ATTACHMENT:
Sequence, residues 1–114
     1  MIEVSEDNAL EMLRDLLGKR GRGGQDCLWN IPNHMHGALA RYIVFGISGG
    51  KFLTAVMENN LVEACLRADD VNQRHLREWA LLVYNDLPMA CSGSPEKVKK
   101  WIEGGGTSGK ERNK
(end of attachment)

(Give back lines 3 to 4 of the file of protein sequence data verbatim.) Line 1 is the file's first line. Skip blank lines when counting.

    51  KFLTAVMENN LVEACLRADD VNQRHLREWA LLVYNDLPMA CSGSPEKVKK
   101  WIEGGGTSGK ERNK